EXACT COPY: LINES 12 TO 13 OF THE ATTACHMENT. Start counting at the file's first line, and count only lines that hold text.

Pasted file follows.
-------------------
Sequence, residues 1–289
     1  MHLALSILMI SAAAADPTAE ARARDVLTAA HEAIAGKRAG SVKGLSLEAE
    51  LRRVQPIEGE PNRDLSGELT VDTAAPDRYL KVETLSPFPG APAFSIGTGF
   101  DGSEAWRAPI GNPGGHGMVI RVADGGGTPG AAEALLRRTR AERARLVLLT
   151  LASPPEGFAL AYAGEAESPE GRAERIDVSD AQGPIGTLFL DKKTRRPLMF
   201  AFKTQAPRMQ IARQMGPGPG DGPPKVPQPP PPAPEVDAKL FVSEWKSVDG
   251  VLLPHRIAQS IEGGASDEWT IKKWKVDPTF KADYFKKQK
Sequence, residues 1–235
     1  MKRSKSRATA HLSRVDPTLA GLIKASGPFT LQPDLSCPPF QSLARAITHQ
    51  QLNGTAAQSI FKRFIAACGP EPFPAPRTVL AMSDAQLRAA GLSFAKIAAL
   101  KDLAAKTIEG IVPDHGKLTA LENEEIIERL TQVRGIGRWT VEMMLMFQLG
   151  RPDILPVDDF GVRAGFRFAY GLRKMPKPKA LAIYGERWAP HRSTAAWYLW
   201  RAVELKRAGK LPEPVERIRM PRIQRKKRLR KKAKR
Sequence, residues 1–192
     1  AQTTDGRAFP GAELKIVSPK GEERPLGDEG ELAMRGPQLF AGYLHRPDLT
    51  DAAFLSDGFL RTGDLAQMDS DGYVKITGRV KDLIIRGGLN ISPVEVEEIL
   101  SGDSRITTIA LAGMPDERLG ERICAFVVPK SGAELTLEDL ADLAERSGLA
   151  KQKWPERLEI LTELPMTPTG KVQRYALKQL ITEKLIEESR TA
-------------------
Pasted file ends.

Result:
   151  RPDILPVDDF GVRAGFRFAY GLRKMPKPKA LAIYGERWAP HRSTAAWYLW
   201  RAVELKRAGK LPEPVERIRM PRIQRKKRLR KKAKR